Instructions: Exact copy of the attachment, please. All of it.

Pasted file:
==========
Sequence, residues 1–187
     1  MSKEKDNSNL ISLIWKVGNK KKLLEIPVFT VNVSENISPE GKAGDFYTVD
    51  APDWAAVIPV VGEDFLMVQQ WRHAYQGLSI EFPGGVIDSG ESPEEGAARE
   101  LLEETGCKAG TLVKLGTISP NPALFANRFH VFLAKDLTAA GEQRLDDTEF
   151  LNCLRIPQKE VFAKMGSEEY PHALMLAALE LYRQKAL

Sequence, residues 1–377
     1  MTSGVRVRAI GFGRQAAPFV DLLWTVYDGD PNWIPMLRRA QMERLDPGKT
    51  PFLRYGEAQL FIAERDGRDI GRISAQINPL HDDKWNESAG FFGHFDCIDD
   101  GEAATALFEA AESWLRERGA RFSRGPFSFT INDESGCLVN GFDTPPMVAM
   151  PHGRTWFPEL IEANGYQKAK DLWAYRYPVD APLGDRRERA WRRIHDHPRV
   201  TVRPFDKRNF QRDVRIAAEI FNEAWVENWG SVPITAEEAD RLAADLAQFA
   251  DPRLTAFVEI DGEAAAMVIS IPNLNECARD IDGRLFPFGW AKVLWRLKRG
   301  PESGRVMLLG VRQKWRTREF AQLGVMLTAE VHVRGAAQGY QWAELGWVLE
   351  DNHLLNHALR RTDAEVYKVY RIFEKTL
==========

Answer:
Sequence, residues 1–187
     1  MSKEKDNSNL ISLIWKVGNK KKLLEIPVFT VNVSENISPE GKAGDFYTVD
    51  APDWAAVIPV VGEDFLMVQQ WRHAYQGLSI EFPGGVIDSG ESPEEGAARE
   101  LLEETGCKAG TLVKLGTISP NPALFANRFH VFLAKDLTAA GEQRLDDTEF
   151  LNCLRIPQKE VFAKMGSEEY PHALMLAALE LYRQKAL

Sequence, residues 1–377
     1  MTSGVRVRAI GFGRQAAPFV DLLWTVYDGD PNWIPMLRRA QMERLDPGKT
    51  PFLRYGEAQL FIAERDGRDI GRISAQINPL HDDKWNESAG FFGHFDCIDD
   101  GEAATALFEA AESWLRERGA RFSRGPFSFT INDESGCLVN GFDTPPMVAM
   151  PHGRTWFPEL IEANGYQKAK DLWAYRYPVD APLGDRRERA WRRIHDHPRV
   201  TVRPFDKRNF QRDVRIAAEI FNEAWVENWG SVPITAEEAD RLAADLAQFA
   251  DPRLTAFVEI DGEAAAMVIS IPNLNECARD IDGRLFPFGW AKVLWRLKRG
   301  PESGRVMLLG VRQKWRTREF AQLGVMLTAE VHVRGAAQGY QWAELGWVLE
   351  DNHLLNHALR RTDAEVYKVY RIFEKTL